Similarly, diets that are low in processed meat but high in monounsaturated fatty acids, fruits, vegetables, whole grain cereals, and dietary fiber also protect against the risk of developing type 2 diabetes. Indeed, most diets that are protective against both diabetes and cancer tend to be rich in plant foods.
The American Cancer Society, the World Cancer Research Fund, and the American Institute for Cancer Research have all recommended limiting or completely eliminating the consumption of energy-dense and sugary foods and sugar-sweetened drinks that contribute to overweight and obesity.
Fast foods or readily available convenience foods tend to be energy dense and include burgers, fried chicken pieces, French fries, and high-calorie drinks containing excess sugar, such as cola and even many commercially available fruit juices.
The more highly processed foods are, the higher in energy and lower in critical micronutrients they tend to be. Potato chips and crisps, white flour bread, pasta, and pizza, cakes, pastries, biscuits and cookies, and confectionery are all typical examples.
Minimizing or cutting out consumption of processed and sugary foods and sugar-sweetened drinks has been shown to protect against weight gain, overweight, and obesity and is therefore likely to protect against both diabetes and obesity-related cancers.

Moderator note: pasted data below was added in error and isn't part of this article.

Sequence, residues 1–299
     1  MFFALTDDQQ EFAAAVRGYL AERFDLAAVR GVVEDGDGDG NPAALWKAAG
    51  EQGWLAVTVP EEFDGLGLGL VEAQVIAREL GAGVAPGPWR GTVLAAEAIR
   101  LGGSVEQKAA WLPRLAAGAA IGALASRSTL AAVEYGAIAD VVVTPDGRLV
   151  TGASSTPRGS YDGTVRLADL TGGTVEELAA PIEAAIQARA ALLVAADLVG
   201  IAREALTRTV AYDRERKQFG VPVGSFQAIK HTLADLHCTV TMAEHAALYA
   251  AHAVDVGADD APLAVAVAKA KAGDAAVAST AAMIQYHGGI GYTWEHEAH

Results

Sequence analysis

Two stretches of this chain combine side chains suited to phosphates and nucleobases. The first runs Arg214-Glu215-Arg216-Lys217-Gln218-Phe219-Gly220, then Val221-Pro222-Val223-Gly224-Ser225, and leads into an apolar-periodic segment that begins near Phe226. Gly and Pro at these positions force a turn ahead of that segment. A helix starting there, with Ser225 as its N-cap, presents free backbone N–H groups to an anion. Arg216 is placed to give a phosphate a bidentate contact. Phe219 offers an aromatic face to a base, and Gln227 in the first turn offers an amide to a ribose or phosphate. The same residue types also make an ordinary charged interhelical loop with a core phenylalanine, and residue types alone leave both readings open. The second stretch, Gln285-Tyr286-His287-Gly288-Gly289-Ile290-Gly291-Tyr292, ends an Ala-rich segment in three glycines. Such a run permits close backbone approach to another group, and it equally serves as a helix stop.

Further, diets containing low glycemic foods have been shown to offer protection from many chronic diseases, including diabetes, comparable with that seen for whole grain and high fiber consumption.
Level of physical activity
Published epidemiologic studies show that physically active men and women have about a 30 to 40% reduction in the risk of developing colon cancer, compared with inactive people. Similarly, physically active women have about a 20 to 30% reduction in risk of developing breast cancer, compared with inactive women. In both instances, it appears that 30-60 minutes of moderate to vigorous activity is required daily to reduce risk.
Similarly, scientific evidence indicates that increased physical activity probably reduces prostate and endometrial cancer risk and possibly lowers lung cancer risk as well. Weight control may be partly responsible for the protective effect of physical activity against these cancers – links between excess weight, central body fat, and greater cancer risk are well established.
Based on this evidence, some public health organizations recommend at least 30 minutes of moderate-to-vigorous intensity physical activity on at least 5 days every week to lower cancer risk. Evidence suggests that exercise also influences other aspects associated with cancer diagnosis, such as cancer detection, coping, rehabilitation, and survival after diagnosis.